ISSUE 1969 Sunday 15 October 2000
By Jenny Booth and David Bamber
CANNABIS will be legalised for medical use within two years because clinical trials of the drug show it has few side effects, the chief scientist of the Royal Pharmaceutical Society (RPS) believes. According to research obtained by The Telegraph, the first trial in Britain, on six healthy people, concluded that "there were no safety concerns" about the drug's use.
Last night Professor Tony Moffat said: "I have read sufficient in the literature about the small trials that people have already done showing that these are very potent compounds for relaxing muscles, and the anecdotal evidence from MS sufferers who smoke it saying it is absolutely wonderful. All the evidence points that way." Once accepted as a medicine, cannabis would almost certainly become a social drug too, he added.
Prof Moffat said that cannabis need not take the form of a cigarette with its attendant health risks, and swallowing the drug was not effective as 90 per cent of it was broken down by the liver before having much effect. But a mouth spray or even a suppository would deliver 50 per cent of the drug into the user's system. Medicinal cannabis will not give people a drug-induced "high" but will be used as a painkiller and relaxant.
Alan Milburn, the Health Secretary, and his predecessor Frank Dobson, have both said the Government would legalise the medical use of cannabis if trials showed a clear benefit. The debate about legalising cannabis for medical use was reignited in 1998 when the House of Lords science and technology committee acknowledged that part of the cannabis plant seemed to alleviate asthma as effectively as conventional treatments.
The RPS is monitoring two large clinical trials of cannabis: a £400,000 study involving 300 patients to see if cannabis tablets can replace morphine as a painkiller after surgery, and a £900,000 study of 660 patients with multiple sclerosis. Both are funded by the Medical Research Council. A commercial drugs firm, GM Pharmaceuticals, has commissioned two trials of cannabis extracts delivered in a spray squirted under the tongue. The spray takes effect within two or three minutes, almost as quickly as cannabis inhaled from a cigarette.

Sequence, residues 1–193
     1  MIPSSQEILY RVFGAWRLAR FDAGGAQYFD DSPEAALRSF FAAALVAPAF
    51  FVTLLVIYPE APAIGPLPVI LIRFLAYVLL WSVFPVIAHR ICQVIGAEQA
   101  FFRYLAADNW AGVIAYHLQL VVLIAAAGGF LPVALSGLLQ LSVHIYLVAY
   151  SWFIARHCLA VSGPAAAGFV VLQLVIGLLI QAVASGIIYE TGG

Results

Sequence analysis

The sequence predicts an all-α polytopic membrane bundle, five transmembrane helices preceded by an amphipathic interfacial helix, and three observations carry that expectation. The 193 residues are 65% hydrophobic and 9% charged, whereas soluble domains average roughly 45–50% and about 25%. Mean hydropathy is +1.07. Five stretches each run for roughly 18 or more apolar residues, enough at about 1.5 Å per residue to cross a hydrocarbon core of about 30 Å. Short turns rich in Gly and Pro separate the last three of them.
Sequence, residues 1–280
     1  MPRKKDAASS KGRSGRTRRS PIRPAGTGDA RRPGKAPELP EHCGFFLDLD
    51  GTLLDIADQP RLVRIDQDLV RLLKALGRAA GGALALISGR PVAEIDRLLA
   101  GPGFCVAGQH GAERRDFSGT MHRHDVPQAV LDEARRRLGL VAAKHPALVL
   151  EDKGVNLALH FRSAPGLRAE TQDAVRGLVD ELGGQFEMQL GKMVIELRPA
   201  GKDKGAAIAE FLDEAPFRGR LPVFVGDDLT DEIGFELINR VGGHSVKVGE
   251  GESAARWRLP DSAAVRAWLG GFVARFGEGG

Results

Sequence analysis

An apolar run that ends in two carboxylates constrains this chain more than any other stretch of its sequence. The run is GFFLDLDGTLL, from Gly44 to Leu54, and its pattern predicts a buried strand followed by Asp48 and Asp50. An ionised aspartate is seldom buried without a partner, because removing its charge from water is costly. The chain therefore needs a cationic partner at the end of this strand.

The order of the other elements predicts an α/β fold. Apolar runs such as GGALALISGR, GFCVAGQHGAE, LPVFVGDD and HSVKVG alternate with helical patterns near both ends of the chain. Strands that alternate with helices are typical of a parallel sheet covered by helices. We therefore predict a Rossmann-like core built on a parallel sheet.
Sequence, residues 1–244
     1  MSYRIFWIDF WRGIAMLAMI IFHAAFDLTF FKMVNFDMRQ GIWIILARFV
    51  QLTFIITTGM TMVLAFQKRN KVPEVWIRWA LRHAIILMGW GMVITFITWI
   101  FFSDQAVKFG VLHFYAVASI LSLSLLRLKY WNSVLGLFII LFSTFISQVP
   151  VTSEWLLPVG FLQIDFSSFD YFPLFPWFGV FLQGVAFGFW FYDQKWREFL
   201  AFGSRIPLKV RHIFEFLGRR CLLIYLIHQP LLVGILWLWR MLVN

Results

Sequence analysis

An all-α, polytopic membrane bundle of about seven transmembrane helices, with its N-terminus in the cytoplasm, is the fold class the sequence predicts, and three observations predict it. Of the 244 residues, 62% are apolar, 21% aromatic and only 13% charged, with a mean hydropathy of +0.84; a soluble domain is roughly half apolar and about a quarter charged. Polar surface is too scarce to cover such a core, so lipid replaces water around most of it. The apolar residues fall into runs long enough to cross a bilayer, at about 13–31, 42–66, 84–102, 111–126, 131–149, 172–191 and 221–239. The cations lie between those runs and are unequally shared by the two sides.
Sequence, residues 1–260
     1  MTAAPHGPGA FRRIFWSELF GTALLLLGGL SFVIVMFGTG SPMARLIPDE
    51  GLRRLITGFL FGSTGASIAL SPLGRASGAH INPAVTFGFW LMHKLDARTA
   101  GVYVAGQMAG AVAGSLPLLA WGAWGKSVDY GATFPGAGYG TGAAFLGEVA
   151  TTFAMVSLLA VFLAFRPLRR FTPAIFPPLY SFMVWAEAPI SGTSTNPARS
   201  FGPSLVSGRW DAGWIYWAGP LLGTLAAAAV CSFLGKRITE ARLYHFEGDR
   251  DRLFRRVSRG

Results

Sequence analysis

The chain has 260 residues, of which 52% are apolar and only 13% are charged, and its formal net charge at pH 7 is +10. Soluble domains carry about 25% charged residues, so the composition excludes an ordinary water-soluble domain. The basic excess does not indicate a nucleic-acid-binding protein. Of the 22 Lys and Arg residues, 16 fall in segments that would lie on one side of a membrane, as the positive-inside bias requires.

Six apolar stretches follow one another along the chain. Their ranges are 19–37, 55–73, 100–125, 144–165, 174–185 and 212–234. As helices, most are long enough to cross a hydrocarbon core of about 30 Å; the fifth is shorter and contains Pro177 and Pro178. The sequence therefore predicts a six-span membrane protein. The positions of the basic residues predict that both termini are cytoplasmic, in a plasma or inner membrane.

A report on the first phase of GM Pharmaceuticals' trials said that cannabis was "well-tolerated" by volunteers, and there were "no safety concerns". The trial volunteers reported feelings of "light-headedness, awareness of a 'high', mellow or happy mood, relaxation and dizziness or unsteadiness" at high doses.
The World Health Organisation has promised to transfer cannabis from schedule one to schedule two of its list of drugs, sanctioning it for medical use worldwide, if clinical trials show it is useful as a medicine.
Mike Goodman, the director of the drug charity Release, predicted that
cannabis would be decriminalised within five to 10 years and fully legalised
within 15. It would be sold either as resin or grass and ready-rolled in
packets of five or 10 joints with brand names such as Double Zero, Purple
Haze and Northern Lights. Like tar and nicotine in cigarettes, the amount
of cannabinoids would be controlled.